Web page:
CDC. Centers for Disease Control and Prevention. Vaccines for Children Program (VFC). About VFC. Available at: https://www.cdc.gov/vaccines/programs/vfc/about/index.html. Accessed December 7, 2016.

      The CDPH-IP facilitated educational opportunities for VFC providers including multiple local and regional meetings, and successfully piloted clinician-to-clinician educational enhancement of a federal quality improvement program known as AFIX (Assessment, Feedback, Incentives, eXchange).

      Morita J, Chavez-Torres M, Levin M, et al. Increasing HPV vaccination rates using the ‘Less Is More’ strategy, March-December 2013. Paper presented at: Chicago Department of Public Health Executive Team Meeting; October 29, 2014; Chicago, Ill.

      The synergies between preaward activities, award interventions, and postaward planning are described.

      Methods

      To increase HPV vaccination rates among adolescents, the 22 awardees implemented 5 prespecified interventions.

      Curtis CR. Progress update: programmatic strategies to increase HPV vaccination coverage among U.S. Adolescents. Presented at the Advisory Committee on Immunization Practices (ACIP) Meeting, 21 October 2015; Atlanta, GA. Available at: http://www.cdc.gov/vaccines/acip/meetings/live-mtg-2015-10.html. Accessed December 2, 2016.

      • Washburn T.
      • Wold A.D.
      • Raymond P.
      • et al.
      Current initiatives to protect Rhode Island adolescents through increasing HPV vaccination.
      In addition to funding, the CDC provided awardees medical, technical, and communications support through individual teleconference calls (monthly and as needed), ≥18 all-awardee conference calls and, in November, 2014, an all-awardee onsite meeting at CDC. Some interventions' implementations varied according to jurisdiction, on the basis of available infrastructure, capacity, staffing, political factors, and past/ongoing programmatic experiences and activities. Because initial project periods were only 15 months, awardees also varied in extents of evaluation plans. Two awardees completed interventions in 15 months; 19 awardees, including the CDPH, received 12-month no-cost extensions and completed interventions in 27 months, and 1 awardee will complete interventions in 39 months. The timelines for implementation of interventions in Chicago are shown in Figure 1. The five interventions included: developing a jurisdiction-wide collaborative initiative with stakeholders, implementing education and skill-building strategies targeting immunization providers, using immunization information system (IIS)-based reminder/recall, conducting a comprehensive communication campaign targeting the public, and using AFIX visits to evaluate and improve immunization providers' performance in HPV vaccine series administration.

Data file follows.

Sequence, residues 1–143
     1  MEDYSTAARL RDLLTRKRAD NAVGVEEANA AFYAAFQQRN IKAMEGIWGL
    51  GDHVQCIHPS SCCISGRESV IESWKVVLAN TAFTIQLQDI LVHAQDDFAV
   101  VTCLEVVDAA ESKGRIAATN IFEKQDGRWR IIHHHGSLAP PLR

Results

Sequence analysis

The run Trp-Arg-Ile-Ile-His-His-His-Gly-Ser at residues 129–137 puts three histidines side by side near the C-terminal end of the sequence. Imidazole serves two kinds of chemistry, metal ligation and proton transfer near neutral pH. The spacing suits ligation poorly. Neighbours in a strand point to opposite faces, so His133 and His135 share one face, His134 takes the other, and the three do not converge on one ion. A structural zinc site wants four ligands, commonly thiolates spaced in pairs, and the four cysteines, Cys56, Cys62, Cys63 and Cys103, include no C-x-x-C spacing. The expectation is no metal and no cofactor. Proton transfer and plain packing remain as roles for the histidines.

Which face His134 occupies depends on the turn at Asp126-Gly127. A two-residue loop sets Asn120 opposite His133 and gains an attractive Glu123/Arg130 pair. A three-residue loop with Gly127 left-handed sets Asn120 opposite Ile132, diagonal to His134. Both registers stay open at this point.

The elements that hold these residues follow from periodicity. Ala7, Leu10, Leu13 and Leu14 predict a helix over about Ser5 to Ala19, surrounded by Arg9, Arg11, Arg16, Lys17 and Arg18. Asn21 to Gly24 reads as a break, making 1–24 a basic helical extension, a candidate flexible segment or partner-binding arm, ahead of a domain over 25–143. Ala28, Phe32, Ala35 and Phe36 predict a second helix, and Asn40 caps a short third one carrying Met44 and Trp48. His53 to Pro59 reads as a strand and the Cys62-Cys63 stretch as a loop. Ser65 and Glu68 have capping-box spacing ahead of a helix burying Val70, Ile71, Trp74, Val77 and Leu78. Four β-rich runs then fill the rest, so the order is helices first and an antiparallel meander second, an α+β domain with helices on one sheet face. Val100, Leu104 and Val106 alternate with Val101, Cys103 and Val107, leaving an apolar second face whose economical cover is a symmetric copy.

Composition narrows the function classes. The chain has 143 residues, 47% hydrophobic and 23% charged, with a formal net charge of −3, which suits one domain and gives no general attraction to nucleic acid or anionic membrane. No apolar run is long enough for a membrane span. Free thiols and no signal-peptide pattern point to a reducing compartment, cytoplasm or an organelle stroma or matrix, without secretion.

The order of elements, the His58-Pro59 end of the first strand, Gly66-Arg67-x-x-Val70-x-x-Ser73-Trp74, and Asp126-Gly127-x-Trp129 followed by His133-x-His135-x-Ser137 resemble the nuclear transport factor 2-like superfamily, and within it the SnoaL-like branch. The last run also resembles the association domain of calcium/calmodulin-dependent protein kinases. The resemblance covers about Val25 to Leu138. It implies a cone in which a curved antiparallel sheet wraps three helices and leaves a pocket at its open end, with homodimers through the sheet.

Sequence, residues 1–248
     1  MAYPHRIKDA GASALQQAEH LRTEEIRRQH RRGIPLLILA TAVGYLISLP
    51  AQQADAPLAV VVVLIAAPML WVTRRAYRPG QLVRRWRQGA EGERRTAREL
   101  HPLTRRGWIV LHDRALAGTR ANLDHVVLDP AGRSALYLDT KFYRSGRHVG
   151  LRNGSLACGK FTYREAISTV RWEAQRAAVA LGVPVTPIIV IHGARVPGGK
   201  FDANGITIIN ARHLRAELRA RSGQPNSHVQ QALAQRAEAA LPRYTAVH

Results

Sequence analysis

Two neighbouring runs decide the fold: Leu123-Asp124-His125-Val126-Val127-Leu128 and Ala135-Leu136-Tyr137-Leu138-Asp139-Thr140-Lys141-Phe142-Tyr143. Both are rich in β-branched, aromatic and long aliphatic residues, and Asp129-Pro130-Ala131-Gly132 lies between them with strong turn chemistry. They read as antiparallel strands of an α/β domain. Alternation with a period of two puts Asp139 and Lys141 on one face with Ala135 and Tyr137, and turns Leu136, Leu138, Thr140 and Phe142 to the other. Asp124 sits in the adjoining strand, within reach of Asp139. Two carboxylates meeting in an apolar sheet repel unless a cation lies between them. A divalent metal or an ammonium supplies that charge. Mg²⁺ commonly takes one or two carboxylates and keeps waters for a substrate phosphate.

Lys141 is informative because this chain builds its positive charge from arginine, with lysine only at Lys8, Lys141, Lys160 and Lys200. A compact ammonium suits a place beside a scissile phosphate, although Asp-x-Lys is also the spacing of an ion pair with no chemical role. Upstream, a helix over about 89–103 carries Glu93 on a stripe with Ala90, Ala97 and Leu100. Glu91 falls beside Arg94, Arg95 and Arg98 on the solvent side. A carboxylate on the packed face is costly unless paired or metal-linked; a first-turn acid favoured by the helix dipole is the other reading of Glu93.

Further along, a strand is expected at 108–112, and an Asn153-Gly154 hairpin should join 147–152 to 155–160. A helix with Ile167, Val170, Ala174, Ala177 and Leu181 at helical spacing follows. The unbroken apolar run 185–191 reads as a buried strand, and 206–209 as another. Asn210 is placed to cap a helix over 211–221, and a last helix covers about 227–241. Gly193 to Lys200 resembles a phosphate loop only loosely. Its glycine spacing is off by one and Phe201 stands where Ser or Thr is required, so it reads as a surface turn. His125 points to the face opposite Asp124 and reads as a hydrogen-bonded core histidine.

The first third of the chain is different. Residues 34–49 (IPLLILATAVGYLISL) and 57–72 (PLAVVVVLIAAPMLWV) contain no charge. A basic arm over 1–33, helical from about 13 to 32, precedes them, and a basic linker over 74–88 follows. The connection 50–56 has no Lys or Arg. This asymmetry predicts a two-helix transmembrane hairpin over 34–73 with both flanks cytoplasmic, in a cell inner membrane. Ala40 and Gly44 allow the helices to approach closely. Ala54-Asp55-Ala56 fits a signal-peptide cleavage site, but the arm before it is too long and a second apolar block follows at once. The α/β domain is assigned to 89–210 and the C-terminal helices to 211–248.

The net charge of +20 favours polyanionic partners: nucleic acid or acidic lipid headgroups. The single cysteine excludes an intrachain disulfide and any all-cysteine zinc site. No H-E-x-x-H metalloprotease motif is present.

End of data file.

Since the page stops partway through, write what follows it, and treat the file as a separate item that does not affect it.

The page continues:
Figure thumbnail gr1
      Figure 1Timelines for implementation of 5 interventions in combination—Chicago, 2013 to 2015. The HPV Stakeholder Group continues to meet quarterly, but formal grant-related activities ended in December 2014. AFIX indicates Assessment, Feedback, Incentives, eXchange, a federal quality improvement program.

      CDC. Centers for Disease Control and Prevention. AFIX (Assessment, Feedback, Incentives, and eXchange). Available at: https://www.cdc.gov/vaccines/programs/afix/index.html. Accessed December 7, 2016.

      AFIX visits on the basis of federal guidelines entail “assessment” through quantitative and qualitative evaluation of immunization data to determine the immunization coverage rate for a defined age cohort of patients at the clinician or practice level.

      CDC. Centers for Disease Control and Prevention. AFIX (Assessment, Feedback, Incentives, and eXchange). Available at: https://www.cdc.gov/vaccines/programs/afix/index.html. Accessed December 7, 2016.

      The aims of AFIX “feedback” include review of vaccination coverage rates, discussion of current service delivery practices, and identification of quality improvement strategies for implementation.
      • Washburn T.
      • Wold A.D.
      • Raymond P.
      • et al.
      Current initiatives to protect Rhode Island adolescents through increasing HPV vaccination.

      CDC. Centers for Disease Control and Prevention. AFIX (Assessment, Feedback, Incentives, and eXchange). Available at: https://www.cdc.gov/vaccines/programs/afix/index.html. Accessed December 7, 2016.

      AFIX “incentives” recognize improvement, and “exchange” of information with providers facilitates longitudinally monitoring progress.

      CDC. Centers for Disease Control and Prevention. AFIX (Assessment, Feedback, Incentives, and eXchange). Available at: https://www.cdc.gov/vaccines/programs/afix/index.html. Accessed December 7, 2016.